Neighboring Driftwood Campground is at the head of the Tam McArthur Trail which is a short, reasonably easy hike that provides great views of the Sisters - Faith (North), Hope (Middle) and Charity (South). The Three Sisters are volcanic peaks and are the third-, fourth- and fifth-highest peaks in Oregon. Three Creeks Lake is easy to fish from shore or by wading, but boat fishing is the most popular method. Only non-motorized boating is allowed.

    Natural Features

    Named for the adjacent Three Creeks Lake, this campground is just a short drive from the water with wonderful views of lake and surrounding area. Located in a glacial cirque below Tam McArthur Rim, the lake is 28-acre alpine gem with an elevation of 6,550 ft. surrounded by old growth forest. The outlet stream from the lake flows northward and is joined by two other streams to form Three Creek. The shoreline of Three Creek Lake varies from gentle slope to rocky cliff. Maximum depth is 28 feet down the center and near the cliff on the south end of the lake.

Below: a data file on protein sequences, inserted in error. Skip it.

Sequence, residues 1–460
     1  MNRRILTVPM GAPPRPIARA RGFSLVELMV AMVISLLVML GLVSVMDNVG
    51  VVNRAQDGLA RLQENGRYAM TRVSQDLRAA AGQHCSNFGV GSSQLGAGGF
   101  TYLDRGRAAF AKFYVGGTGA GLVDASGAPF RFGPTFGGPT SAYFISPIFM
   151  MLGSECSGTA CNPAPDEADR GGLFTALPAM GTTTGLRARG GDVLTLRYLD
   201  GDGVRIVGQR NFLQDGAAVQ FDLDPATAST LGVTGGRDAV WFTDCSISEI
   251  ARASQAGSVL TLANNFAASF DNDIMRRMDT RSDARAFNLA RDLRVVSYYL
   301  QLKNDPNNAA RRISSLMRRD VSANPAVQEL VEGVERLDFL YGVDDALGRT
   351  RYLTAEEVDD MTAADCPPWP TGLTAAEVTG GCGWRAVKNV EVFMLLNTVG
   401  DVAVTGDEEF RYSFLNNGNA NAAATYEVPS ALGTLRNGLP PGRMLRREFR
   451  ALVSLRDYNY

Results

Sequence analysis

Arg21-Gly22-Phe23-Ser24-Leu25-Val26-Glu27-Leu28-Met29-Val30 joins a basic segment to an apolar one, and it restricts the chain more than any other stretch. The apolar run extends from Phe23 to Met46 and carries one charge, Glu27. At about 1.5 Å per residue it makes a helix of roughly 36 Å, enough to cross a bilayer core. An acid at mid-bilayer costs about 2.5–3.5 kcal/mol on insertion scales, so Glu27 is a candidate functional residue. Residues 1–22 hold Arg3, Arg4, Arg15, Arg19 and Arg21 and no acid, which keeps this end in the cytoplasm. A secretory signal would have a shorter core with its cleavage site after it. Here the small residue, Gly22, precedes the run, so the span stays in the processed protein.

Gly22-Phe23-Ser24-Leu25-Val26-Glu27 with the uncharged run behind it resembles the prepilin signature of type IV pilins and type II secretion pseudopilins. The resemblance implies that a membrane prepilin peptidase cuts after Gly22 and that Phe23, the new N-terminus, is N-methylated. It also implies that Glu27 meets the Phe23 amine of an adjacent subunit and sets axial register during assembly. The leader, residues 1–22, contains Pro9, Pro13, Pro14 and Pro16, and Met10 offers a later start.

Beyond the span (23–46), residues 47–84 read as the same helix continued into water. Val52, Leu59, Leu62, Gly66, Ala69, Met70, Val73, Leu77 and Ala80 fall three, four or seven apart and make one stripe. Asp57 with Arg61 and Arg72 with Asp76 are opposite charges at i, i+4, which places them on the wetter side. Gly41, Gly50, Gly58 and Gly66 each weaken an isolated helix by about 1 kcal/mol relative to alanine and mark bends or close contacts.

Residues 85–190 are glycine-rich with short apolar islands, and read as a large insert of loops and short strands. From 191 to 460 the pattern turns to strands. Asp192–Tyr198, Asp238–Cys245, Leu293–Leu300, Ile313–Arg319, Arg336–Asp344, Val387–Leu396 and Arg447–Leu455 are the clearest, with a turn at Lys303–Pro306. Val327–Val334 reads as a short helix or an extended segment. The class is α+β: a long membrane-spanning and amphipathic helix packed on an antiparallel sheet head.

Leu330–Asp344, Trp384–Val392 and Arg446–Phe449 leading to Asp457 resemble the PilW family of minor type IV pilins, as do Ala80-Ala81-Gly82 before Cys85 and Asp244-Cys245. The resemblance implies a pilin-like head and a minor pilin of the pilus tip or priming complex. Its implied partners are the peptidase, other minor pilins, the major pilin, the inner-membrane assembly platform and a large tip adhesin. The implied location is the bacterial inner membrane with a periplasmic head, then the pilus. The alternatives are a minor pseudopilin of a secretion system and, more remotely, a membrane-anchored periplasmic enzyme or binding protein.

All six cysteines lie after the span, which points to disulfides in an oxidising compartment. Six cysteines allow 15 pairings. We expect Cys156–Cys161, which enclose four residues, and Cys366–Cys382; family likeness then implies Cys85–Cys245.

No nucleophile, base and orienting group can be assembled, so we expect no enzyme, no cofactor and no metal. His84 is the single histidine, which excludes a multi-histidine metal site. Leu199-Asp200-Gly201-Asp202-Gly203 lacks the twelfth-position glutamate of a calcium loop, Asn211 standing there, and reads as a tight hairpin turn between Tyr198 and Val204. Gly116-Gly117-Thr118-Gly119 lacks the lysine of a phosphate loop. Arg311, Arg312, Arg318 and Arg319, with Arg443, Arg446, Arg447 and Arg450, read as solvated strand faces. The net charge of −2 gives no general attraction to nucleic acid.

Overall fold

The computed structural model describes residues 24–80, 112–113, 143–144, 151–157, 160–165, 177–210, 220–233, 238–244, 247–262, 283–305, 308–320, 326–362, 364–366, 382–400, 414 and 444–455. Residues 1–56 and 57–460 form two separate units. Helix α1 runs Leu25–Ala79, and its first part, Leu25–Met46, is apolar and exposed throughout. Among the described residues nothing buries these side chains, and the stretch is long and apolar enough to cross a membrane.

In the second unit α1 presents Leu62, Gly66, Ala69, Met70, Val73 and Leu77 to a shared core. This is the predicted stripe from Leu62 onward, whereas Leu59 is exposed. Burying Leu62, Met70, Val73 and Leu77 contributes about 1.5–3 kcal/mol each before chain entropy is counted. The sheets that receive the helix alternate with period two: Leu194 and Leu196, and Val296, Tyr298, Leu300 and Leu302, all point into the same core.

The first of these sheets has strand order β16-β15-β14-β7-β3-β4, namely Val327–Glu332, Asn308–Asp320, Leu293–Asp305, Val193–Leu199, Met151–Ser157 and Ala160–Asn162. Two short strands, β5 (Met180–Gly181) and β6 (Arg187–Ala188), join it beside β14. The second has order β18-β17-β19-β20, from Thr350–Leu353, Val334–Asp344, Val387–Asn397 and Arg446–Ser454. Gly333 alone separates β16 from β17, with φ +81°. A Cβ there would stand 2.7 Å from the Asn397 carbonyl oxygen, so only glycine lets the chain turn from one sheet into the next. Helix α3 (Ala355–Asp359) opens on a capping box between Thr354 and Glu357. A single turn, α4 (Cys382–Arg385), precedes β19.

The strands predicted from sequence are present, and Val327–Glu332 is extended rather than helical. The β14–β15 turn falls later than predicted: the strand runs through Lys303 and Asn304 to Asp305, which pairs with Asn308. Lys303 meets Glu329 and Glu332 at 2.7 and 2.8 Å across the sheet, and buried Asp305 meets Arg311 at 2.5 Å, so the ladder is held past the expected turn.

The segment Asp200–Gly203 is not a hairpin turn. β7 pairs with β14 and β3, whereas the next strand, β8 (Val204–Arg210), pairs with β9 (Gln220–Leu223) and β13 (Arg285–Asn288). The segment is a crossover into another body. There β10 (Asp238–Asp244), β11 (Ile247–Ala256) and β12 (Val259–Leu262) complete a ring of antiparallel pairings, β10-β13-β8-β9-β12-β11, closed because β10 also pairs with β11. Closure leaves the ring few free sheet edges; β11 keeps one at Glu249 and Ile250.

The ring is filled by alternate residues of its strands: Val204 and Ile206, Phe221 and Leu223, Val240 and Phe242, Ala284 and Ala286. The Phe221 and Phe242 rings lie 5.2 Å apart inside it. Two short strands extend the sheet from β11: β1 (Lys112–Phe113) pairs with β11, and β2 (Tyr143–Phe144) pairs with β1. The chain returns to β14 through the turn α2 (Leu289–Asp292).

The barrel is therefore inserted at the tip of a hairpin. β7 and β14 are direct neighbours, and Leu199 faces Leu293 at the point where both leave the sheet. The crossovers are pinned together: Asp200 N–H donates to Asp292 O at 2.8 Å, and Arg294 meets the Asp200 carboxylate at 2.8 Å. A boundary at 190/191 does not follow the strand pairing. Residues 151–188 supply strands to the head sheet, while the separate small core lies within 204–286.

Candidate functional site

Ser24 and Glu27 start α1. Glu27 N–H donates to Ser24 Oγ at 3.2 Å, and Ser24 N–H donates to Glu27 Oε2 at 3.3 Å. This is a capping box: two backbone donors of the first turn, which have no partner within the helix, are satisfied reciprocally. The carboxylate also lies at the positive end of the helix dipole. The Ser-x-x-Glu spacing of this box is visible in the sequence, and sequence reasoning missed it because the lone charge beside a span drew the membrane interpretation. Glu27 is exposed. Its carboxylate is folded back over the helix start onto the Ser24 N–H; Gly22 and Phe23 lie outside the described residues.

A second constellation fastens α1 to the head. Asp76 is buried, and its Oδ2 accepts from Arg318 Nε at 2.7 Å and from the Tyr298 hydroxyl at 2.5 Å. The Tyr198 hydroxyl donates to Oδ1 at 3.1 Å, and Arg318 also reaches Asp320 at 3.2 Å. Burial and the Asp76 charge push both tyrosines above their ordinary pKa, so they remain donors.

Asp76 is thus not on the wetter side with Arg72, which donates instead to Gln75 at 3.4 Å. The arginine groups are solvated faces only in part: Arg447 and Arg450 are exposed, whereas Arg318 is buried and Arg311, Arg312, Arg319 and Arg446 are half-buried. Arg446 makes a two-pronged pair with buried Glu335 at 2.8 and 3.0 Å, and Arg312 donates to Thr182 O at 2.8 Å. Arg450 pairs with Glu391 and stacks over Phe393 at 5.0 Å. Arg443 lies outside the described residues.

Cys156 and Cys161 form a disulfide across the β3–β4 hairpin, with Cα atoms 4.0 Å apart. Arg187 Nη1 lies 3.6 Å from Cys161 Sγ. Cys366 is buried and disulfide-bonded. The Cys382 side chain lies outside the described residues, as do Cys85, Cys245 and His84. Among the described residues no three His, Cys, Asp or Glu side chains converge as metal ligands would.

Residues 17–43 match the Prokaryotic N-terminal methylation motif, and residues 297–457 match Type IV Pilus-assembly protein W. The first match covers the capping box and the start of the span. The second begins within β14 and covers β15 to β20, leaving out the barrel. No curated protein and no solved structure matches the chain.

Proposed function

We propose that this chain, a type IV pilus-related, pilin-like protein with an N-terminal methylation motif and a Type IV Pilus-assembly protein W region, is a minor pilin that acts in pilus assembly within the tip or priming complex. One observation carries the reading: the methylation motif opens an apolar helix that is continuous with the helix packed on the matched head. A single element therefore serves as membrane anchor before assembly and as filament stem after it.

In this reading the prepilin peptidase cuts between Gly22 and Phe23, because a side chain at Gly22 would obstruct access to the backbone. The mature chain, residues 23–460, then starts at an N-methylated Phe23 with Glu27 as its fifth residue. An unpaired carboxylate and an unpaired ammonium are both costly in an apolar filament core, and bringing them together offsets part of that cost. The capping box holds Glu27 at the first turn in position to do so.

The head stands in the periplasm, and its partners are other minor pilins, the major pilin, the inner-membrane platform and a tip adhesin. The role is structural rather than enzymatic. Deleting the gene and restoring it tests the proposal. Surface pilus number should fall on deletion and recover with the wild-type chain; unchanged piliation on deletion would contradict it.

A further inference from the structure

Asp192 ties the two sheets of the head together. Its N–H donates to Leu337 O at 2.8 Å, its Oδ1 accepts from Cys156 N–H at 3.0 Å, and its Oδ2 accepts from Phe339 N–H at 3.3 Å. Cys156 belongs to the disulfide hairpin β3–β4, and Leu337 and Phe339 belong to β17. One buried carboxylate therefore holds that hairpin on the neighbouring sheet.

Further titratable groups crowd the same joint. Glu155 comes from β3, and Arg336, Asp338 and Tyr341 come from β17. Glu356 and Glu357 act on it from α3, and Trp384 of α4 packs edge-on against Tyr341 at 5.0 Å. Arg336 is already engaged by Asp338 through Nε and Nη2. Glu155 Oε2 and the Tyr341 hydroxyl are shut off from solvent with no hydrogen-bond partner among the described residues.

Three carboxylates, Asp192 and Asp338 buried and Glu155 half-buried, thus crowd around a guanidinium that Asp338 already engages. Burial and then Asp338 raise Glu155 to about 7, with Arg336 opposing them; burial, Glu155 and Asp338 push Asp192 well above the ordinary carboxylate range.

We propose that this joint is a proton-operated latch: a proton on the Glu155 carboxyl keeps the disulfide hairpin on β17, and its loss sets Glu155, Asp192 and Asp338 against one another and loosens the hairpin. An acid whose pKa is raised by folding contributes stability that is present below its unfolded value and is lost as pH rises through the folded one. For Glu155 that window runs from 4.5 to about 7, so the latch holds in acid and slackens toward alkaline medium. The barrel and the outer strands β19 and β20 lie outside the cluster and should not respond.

Nearby Attractions